Once again, our nation has been shocked by a tragic shooting. Twenty children and 6 teachers at Sandy Hook Elementary School in Newtown, Connecticut lost their lives before the gunman turned the weapon on himself. Prior to the shooting spree at the school the gunman shot his mother. Clearly, issues are yet to be discovered as to why this tragic event occurred.
Tragedy, trauma and how to help others
Tragic incidences leave us in shock, numb with grief and loss. To think of 20 families who lost their first grade child is overwhelming. To hear the stories of teachers who attempted to protect their students is inspiring, but it is devastating that they even had to experience such horror.
A reality that occurs as a result of trauma is confusion: what our children will be thinking and feeling about such tragedy is unfortunate and can be traumatizing. Unlike adults, children do not have logic as intact as adults; thus, their conclusions may not be the same. That is, all kinds of questions plus things that are heard off the cuff may sway a child’s thinking, but it is important to recognize that children will not process these events with the reasoning of an adult.
In fact, children often create inaccurate and imaginary thinking. In the face of a tragedy like this one, a child may imagine that a gunman could be coming to his home, school or other public place and shoot everyone in the room. It would be easy to see how very quickly a child could conclude that he would not feel safe in any part of his world.
8 Ways to work through trauma and help children feel safe
It is important that caregivers of children are prepared for all manner of discussion.
Diane Wagenhals is a colleague of mine at Lakeside Educational Network. Using her research and publications about helping children who have been traumatized, I thought I would focus on some important points.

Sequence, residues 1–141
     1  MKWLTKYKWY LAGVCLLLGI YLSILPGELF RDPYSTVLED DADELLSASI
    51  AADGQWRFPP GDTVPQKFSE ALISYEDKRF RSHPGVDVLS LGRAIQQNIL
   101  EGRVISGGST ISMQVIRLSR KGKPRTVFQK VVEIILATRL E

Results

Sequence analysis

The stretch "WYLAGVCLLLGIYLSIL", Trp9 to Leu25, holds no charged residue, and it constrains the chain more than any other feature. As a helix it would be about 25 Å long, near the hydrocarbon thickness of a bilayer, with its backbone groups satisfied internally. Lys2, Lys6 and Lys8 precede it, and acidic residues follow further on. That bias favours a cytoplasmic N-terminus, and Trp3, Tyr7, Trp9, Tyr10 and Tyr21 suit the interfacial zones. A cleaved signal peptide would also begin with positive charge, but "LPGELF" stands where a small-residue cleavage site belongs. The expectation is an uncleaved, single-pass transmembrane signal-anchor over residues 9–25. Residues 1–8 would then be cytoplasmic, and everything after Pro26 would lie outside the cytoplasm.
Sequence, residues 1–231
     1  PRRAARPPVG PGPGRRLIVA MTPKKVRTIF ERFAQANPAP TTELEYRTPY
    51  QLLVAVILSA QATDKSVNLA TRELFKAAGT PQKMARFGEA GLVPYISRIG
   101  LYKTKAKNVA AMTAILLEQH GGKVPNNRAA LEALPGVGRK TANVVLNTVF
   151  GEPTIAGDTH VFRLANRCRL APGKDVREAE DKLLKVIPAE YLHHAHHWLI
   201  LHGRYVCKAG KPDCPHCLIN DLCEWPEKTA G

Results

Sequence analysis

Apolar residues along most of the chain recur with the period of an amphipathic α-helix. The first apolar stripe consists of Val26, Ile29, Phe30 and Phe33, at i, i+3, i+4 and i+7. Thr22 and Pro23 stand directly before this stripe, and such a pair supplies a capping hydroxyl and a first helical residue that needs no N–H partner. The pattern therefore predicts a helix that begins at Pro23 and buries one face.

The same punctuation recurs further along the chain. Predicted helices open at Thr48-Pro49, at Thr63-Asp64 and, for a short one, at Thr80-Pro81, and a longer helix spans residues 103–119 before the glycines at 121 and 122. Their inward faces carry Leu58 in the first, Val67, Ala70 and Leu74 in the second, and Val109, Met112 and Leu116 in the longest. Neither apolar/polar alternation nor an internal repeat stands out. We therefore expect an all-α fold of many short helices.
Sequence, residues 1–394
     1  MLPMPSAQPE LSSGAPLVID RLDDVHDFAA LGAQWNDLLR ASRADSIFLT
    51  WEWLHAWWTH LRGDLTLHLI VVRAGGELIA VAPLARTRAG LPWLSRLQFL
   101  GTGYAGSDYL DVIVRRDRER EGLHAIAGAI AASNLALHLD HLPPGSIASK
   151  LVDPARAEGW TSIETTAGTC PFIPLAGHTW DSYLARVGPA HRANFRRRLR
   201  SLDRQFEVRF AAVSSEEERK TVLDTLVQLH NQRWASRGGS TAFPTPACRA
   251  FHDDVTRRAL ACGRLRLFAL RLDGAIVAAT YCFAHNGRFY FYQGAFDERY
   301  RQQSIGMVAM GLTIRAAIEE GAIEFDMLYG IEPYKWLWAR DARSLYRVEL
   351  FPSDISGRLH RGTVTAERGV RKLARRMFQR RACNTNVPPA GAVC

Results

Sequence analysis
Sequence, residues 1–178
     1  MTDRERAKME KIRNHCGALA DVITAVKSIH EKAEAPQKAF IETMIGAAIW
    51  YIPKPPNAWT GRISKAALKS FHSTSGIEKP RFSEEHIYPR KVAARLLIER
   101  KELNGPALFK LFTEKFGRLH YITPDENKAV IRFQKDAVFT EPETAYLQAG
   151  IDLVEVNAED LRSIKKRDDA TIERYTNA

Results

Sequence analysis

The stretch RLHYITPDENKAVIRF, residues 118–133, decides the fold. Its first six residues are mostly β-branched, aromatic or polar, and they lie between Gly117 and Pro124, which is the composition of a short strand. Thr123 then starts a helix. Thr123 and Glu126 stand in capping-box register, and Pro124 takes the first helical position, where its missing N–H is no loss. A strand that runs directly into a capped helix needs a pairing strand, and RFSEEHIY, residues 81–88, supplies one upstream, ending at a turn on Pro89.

- First, it is pertinent that caregivers recognize their own feelings of loss, grief, fear or terror. (If we are unaware of our own feelings and processes we may not be ready to have a discussion with a child.)
- Caregivers should provide as many opportunities as needed for children to express their thoughts and feelings.
- Caregivers should use our H.U.G. approach when processing with children. (This means that you will be careful to hear, understand and give back the child’s statements about how they feel and what their perceptions are about the event. Restating the child’s statement or feelings help them identify what is truly going on and gives us a baseline for truth in helping them deal with their perceptions and fears.)
- Do not say things like “you shouldn’t feel like that,” or “that’s silly!” (We should never minimize anyone’s thoughts and feelings in any way.)
- Find opportunities to reassure, build, strengthen and nurture your children. Here are some ways to do that.Talk about the heroes in the story and explain their qualities. (Also help them identify who the heroes are in their own lives who would let nothing happen to them.)
- Talk about their faith and God’s love and protection.
- Role-model ways to respond.
- Show the child how he/she can make a difference.
- Help them write a letter to the families who had the losses, or to the school.
- Do not allow them to see the images on television, or pictures of the victims, or families crying, or other fear-based videos.
- Talk to them about children they know who are angry, are bullies or seem to be isolated, and help them understand how they may be able to get help for such an individual.
- Be aware of the fact that such a tragic event may continue on a recurring basis to trigger thoughts, dreams and perspectives that may be fear-based.
There are many other resources to look at, so feel free to find good information that will help you care for your children. Above are some basic but quite useful points that may help our children get through this crisis.
Tragedy sparks many needs to raise awareness
Tragedy evokes time when we as families, communities and a nation should raise awareness to help children who are experiencing trauma, mental illness, bullying and isolation.
We also need to pray for the families of all those who were victimized by this tragedy. My thoughts and prayers are with all of those families who have been devastated by what has occurred in Newtown, Connecticut.
It seems these shootings are occurring more regularly, which means we need to be proactive and intentional about how we are going to protect our children physically, relationally and emotionally.
This is a time to be sober and vigilant about our societal role of keeping our children safe.
Gerry Vassar, President/CEO, Lakeside Educational Network.